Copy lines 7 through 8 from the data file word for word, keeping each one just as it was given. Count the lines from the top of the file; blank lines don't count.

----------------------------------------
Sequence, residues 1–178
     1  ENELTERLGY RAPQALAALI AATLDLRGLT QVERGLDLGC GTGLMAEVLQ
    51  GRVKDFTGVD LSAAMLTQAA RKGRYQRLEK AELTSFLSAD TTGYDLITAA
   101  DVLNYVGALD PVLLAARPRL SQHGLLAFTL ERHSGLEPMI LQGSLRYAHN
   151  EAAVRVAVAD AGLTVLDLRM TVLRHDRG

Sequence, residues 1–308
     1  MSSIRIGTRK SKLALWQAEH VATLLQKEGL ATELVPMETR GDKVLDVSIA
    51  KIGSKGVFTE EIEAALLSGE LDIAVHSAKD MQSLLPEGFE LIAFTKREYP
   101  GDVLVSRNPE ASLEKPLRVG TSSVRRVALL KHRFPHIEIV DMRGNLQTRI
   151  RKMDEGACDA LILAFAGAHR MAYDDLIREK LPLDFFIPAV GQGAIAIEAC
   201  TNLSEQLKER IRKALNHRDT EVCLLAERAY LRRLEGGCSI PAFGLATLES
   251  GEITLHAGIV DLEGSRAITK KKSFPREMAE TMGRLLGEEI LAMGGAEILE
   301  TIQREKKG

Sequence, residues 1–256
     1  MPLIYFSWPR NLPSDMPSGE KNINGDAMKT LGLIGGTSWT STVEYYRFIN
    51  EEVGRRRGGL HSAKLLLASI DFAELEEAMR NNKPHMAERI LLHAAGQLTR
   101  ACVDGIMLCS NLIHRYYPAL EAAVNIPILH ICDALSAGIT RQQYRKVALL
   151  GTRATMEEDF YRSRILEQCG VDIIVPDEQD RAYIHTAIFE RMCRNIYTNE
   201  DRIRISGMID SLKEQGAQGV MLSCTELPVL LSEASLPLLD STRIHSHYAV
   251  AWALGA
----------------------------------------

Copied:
     1  MSSIRIGTRK SKLALWQAEH VATLLQKEGL ATELVPMETR GDKVLDVSIA
    51  KIGSKGVFTE EIEAALLSGE LDIAVHSAKD MQSLLPEGFE LIAFTKREYP